(Editor’s Note: This post was written by Sarah Bratt, a recent graduate of the master’s degree program in Library and Information Science at the School of Information Studies at Syracuse University. She’s now working at the SU M.I.N.D. lab.)
P.S. – If you’re interested in the lab, there’s an open event on Thursday, July 9 from 9 a.m. to 3 p.m. at 100 Madison Ave., Syracuse, to learn about current research efforts. You’re welcome to attend and join in the activities!)
Here’s a perfect partnership: brain data, applied summer research, and iSchool internships.
They’ve come together this summer, as the research team at the Media interface Network Design (MIND) lab put a call out for interns. Nevertheless, our team at Syracuse University was not expecting 65 responses from students of all degree levels. And, boy, we’ve got brain power this summer!
Our recruitment call for interns was a match made in pedagogical heaven, where we aim to unify theory and
practice. Those in the study group are largely Syracuse University School of Information Studies students interested in cybersecurity, machine learning, and the practical application of their data science curriculum. Most of the student interns are pursuing a master’s degree in information management as students at the School of Information Studies, or at EE&CS, with a handful of them being undergraduates.
The M.I.N.D. Lab
The Media, Interface and Network Design (M.I.N.D.) Lab is an international network of human computer interaction labs specializing in virtual environment design and media research. The facility is a unique combination of the arts, new media and scientific human-computer interaction, allowing for research that supports visual and performing arts with virtual environment tools, according to Syracuse University.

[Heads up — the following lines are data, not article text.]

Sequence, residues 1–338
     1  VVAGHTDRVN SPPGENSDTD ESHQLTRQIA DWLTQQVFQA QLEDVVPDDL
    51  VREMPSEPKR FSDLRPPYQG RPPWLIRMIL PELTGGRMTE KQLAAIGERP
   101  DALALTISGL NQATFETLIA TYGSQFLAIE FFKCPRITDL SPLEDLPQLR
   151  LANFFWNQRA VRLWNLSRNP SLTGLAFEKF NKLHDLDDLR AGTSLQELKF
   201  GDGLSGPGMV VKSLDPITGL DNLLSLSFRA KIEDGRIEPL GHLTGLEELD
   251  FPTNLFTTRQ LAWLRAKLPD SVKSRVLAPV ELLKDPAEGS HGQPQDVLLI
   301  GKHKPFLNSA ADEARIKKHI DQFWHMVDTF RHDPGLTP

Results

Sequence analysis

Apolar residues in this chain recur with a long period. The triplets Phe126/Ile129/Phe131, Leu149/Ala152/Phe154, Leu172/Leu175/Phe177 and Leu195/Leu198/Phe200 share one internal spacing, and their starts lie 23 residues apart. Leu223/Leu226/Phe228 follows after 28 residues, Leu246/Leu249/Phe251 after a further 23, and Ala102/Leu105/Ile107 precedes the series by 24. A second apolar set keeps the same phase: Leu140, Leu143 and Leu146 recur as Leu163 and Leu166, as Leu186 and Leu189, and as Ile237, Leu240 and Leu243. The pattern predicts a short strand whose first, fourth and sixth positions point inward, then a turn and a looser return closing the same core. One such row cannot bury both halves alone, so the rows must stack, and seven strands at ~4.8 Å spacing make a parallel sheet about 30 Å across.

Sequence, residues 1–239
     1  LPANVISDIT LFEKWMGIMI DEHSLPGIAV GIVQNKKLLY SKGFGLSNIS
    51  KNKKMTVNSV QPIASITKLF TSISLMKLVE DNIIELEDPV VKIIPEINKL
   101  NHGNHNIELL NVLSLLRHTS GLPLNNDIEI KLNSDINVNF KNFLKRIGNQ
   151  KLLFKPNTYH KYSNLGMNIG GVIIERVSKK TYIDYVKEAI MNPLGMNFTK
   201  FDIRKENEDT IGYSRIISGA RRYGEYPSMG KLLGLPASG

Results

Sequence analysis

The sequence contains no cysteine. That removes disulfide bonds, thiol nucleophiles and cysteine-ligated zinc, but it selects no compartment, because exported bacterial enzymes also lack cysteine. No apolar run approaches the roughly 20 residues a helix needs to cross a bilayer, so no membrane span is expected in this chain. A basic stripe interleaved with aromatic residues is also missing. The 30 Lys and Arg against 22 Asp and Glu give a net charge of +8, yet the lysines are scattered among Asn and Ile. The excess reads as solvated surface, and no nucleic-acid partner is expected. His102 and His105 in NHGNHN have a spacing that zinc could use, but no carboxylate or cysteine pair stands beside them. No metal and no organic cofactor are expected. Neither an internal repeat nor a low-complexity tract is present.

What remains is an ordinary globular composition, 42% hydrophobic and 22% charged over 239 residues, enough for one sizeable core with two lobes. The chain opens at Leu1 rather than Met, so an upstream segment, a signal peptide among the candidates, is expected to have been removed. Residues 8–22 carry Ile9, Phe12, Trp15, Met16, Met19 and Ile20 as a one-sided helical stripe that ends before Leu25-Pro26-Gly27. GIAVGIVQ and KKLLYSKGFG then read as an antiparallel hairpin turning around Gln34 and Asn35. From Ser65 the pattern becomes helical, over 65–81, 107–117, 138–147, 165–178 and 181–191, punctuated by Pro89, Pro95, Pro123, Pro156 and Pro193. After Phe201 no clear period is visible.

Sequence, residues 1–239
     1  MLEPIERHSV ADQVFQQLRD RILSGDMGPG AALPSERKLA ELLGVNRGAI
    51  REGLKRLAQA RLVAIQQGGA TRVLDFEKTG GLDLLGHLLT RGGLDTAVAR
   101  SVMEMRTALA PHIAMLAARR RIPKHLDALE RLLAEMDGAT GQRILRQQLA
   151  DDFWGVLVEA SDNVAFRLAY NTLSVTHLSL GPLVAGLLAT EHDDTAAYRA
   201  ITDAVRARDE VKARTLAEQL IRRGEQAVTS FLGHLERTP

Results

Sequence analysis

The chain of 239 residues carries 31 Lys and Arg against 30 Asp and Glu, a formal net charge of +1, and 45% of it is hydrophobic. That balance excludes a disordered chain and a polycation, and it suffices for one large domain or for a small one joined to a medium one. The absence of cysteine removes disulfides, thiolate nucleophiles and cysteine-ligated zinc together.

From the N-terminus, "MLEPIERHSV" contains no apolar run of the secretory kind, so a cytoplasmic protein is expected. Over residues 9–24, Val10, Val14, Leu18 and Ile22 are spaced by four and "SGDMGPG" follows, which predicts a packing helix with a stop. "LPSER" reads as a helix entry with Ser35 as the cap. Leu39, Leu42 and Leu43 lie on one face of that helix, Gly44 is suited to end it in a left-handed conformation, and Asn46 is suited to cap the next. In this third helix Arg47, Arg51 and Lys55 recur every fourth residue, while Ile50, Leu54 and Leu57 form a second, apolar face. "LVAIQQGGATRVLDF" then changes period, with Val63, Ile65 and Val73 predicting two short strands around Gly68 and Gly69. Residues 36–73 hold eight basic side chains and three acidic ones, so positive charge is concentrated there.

The M.I.N.D. lab is located in the AXA building near the Tech Garden on Harrison Street downtown. The lab is equipped with Hitchai fNIRS and various immersive virtual reality technologies for running experiments measuring brain activity.
M.I.N.D. research began with a day of projects, with Leanne Hirshfield, institutional researcher, presenting to more than 40 students for “wave #1.”
Research involves designing HCI interfaces, human-automation interaction (e.g. Army helicopter systems), and understanding trust and suspicion in the brain, among other topics. However, the lab was a big place with need for creative energy. While researchers at the lab work with a group of undergraduate CS majors at Hamilton College (in Clinton, NY), who spend eight weeks every summer learning to implement python code on projects, we never had the opportunity to work with a group at Syracuse to experience research.
As it turns out, the student interns are inquisitive, diligent, and hungry to use real data. They have the perfect mix of skills and thirst for new knowledge to try out Orient DB and Orange, a data mining tool for conducting supervised and unsupervised machine learning.